A growing body of evidence suggests that biodiversity loss increases our exposure to both new and established zoonotic pathogens. Restoring and protecting nature is essential to preventing future pandemics. So reports a new Proceedings of the National Academy of Sciences (PNAS) paper that synthesises current understanding about how biodiversity affects human health and provides recommendations for future research to guide management.
Lead author Felicia Keesing is a professor at Bard College and a Visiting Scientist at Cary Institute of Ecosystem Studies. She explains, “There’s a persistent myth that wild areas with high levels of biodiversity are hotspots for disease. More animal diversity must equal more dangerous pathogens. But this turns out to be wrong. Biodiversity isn’t a threat to us, it’s actually protecting us from the species most likely to make us sick.”
Zoonotic diseases like COVID-19, SARS, and Ebola are caused by pathogens that are shared between humans and other vertebrate animals. But animal species differ in their ability to pass along pathogens that make us sick.
Rick Ostfeld is a disease ecologist at Cary Institute and a co-author on the paper. He explains, “Research is mounting that species that thrive in developed and degraded landscapes are often much more efficient at harbouring pathogens and transmitting them to people. In less-disturbed landscapes with more animal diversity, these risky reservoirs are less abundant and biodiversity has a protective effect.”
Rodents, bats, primates, cloven-hooved mammals like sheep and deer, and carnivores have been flagged as the mammal taxa most likely to transmit pathogens to humans. Keesing and Ostfeld note, “The next emerging pathogen is far more likely to come from a rat than a rhino.”
This is because animals with fast life histories tend to be more efficient at transmitting pathogens. Keesing explains, “Animals that live fast, die young, and have early sexual maturity with lots of offspring tend to invest less in their adaptive immune responses. They are often better at transmitting diseases, compared to longer-lived animals with stronger adaptive immunity.”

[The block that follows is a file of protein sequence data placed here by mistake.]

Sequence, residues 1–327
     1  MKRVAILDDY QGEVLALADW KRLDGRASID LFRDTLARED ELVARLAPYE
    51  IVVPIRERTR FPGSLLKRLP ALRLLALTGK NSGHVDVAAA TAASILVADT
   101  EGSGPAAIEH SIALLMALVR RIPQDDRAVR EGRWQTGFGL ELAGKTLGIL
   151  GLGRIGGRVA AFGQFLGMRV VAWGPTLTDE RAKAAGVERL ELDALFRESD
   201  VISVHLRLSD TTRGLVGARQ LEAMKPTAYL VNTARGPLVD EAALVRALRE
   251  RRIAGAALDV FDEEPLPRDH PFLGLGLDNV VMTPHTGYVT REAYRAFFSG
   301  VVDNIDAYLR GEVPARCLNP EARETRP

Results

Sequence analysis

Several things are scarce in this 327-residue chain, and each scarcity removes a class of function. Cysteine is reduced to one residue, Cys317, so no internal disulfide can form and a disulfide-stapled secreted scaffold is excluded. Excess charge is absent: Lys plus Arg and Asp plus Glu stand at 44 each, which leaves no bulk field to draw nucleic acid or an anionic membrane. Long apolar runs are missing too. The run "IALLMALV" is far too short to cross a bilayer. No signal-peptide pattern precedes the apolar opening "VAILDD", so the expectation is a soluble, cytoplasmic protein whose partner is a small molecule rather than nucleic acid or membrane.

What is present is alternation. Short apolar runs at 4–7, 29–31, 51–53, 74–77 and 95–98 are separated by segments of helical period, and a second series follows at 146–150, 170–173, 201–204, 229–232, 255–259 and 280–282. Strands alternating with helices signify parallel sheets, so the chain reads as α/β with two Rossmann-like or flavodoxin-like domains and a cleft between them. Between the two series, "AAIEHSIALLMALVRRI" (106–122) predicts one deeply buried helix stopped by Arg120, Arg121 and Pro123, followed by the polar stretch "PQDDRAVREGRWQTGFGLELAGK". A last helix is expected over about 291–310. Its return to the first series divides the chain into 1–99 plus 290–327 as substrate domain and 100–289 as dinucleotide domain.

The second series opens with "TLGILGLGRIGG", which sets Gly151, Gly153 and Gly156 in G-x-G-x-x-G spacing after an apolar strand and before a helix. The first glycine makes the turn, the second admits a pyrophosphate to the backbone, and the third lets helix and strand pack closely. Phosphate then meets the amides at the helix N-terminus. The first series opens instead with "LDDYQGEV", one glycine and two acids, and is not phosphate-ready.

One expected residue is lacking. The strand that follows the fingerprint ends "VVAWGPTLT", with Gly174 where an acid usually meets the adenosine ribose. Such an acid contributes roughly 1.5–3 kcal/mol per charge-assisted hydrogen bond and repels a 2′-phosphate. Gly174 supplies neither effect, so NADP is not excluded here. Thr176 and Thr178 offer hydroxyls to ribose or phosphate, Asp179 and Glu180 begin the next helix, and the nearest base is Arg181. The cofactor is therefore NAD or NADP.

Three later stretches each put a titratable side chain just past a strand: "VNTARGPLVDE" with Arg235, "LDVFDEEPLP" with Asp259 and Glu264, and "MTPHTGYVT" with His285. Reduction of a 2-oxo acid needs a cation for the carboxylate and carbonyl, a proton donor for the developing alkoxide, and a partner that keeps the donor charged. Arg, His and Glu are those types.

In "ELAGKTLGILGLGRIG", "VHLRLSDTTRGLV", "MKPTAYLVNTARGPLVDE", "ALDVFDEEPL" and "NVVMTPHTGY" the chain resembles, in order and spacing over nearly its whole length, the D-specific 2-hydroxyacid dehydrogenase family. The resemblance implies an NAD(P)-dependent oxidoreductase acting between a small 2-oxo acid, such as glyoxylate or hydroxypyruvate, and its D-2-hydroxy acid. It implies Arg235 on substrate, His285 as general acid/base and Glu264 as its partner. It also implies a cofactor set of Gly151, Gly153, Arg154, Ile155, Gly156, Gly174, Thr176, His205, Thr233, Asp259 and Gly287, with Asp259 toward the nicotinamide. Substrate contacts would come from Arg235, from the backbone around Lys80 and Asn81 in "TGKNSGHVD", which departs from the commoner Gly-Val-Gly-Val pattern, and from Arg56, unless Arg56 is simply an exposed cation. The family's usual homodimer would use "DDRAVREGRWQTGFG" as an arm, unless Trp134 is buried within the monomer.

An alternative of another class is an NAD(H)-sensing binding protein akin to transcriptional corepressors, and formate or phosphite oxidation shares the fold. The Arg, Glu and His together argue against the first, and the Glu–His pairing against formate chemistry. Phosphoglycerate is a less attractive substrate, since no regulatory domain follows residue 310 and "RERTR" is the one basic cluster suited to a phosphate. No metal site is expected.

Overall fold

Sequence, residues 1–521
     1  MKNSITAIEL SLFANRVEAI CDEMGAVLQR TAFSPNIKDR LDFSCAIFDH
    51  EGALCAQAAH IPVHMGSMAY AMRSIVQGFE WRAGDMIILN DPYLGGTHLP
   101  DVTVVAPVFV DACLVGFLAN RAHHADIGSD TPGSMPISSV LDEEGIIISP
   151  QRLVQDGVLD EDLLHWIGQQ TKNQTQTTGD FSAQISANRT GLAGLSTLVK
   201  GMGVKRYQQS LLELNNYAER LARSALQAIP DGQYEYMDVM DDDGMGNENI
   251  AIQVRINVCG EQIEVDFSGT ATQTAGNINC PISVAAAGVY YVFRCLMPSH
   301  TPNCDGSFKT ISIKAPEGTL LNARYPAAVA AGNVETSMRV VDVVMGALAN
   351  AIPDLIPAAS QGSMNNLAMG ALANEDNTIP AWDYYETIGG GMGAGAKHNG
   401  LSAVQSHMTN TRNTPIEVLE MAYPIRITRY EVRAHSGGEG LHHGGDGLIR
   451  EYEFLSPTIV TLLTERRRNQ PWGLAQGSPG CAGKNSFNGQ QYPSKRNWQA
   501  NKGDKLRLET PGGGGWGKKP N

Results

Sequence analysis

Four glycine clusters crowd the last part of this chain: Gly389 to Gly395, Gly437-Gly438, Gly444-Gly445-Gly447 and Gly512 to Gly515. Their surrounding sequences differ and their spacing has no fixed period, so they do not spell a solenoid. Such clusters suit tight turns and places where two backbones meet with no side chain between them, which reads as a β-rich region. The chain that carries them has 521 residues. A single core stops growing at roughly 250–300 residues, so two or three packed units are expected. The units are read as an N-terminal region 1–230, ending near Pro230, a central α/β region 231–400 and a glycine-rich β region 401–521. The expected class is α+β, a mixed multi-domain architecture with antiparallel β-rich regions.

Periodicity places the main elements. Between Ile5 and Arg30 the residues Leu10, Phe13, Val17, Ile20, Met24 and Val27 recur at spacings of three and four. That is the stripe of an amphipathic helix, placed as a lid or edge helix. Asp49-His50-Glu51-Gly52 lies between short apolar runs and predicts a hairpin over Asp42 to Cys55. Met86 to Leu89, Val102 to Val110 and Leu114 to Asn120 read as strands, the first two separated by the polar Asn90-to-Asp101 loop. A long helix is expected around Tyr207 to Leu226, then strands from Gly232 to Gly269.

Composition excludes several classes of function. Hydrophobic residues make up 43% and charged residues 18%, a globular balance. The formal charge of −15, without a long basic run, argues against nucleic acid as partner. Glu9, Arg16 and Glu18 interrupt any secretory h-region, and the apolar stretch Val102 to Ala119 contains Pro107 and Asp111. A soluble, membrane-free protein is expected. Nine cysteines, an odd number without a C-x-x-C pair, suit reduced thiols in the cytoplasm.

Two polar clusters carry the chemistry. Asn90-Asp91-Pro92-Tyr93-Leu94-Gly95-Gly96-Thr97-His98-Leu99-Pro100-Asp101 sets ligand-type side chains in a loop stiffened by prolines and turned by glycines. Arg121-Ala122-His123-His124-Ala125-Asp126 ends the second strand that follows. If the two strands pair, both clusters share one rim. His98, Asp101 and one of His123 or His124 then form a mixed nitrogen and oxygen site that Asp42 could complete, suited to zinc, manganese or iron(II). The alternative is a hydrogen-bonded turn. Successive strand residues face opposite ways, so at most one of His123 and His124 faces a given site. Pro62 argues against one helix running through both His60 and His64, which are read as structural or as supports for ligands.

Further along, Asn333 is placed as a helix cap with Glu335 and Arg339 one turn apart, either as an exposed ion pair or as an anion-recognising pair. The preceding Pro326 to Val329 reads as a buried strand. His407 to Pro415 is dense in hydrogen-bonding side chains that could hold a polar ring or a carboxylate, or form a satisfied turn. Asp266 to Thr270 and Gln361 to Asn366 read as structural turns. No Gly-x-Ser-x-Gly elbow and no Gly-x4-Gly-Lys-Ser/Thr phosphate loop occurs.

When biodiversity is lost from ecological communities, long-lived, larger-bodied species tend to disappear first, while smaller-bodied species with fast life histories tend to proliferate. Research has found that mammal hosts of zoonotic viruses are less likely to be species of conservation concern (i.e. they are more common), and that for both mammals and birds, human development tends to increase the abundance of zoonotic host species, bringing people and risky animals closer together.
“When we erode biodiversity, we favour species that are more likely to be zoonotic hosts, increasing our risk of spillover events,” Ostfeld notes. Adding that, “Managing this risk will require a better understanding of how things like habitat conversion, climate change, and over-harvesting affect zoonotic hosts, and how restoring biodiversity to degraded areas might reduce their abundance.”
To predict and prevent spillover, Keesing and Ostfeld highlight the need to focus on host attributes associated with disease transmission rather than continuing to debate the prime importance of one taxon or another. Ostfeld explains, “We should stop assuming that there is a single animal source for each emerging pathogen. The pathogens that jump from animals to people tend to be found in many animal species, not just one. They’re jumpers, after all, and they typically move between species readily.”
Disentangling the characteristics of effective zoonotic hosts – such as their immune strategies, resilience to disturbance, and habitat preferences – is key to protecting public health. Forecasting the locations where these species thrive, and where pathogen transmission and emergence are likely, can guide targeted interventions.
Keesing notes, “Restoration of biodiversity is an important frontier in the management of zoonotic disease risk. Those pathogens that do spill over to infect humans—zoonotic pathogens—often proliferate as a result of human impacts.” Concluding, “As we rebuild our communities after COVID-19, we need to have firmly in mind that one of our best strategies to prevent future pandemics is to protect, preserve, and restore biodiversity.”
This research was supported by a National Science Foundation Grant OPUS 1948419 to Keesing.
Paper: Impacts of biodiversity and biodiversity loss on zoonotic diseases. Felicia Keesing, Richard S. Ostfeld. Proceedings of the National Academy of Sciences Apr 2021, 118 (17) e2023540118; DOI: 10.1073/pnas.2023540118
Header image: Ecosystems with a diversity of mammals, including larger-bodies and longer lived creatures like foxes, are better for our health. Credit: Ali Rajabali/Flickr.
Provided by Cary Institute of Ecosystem Studies.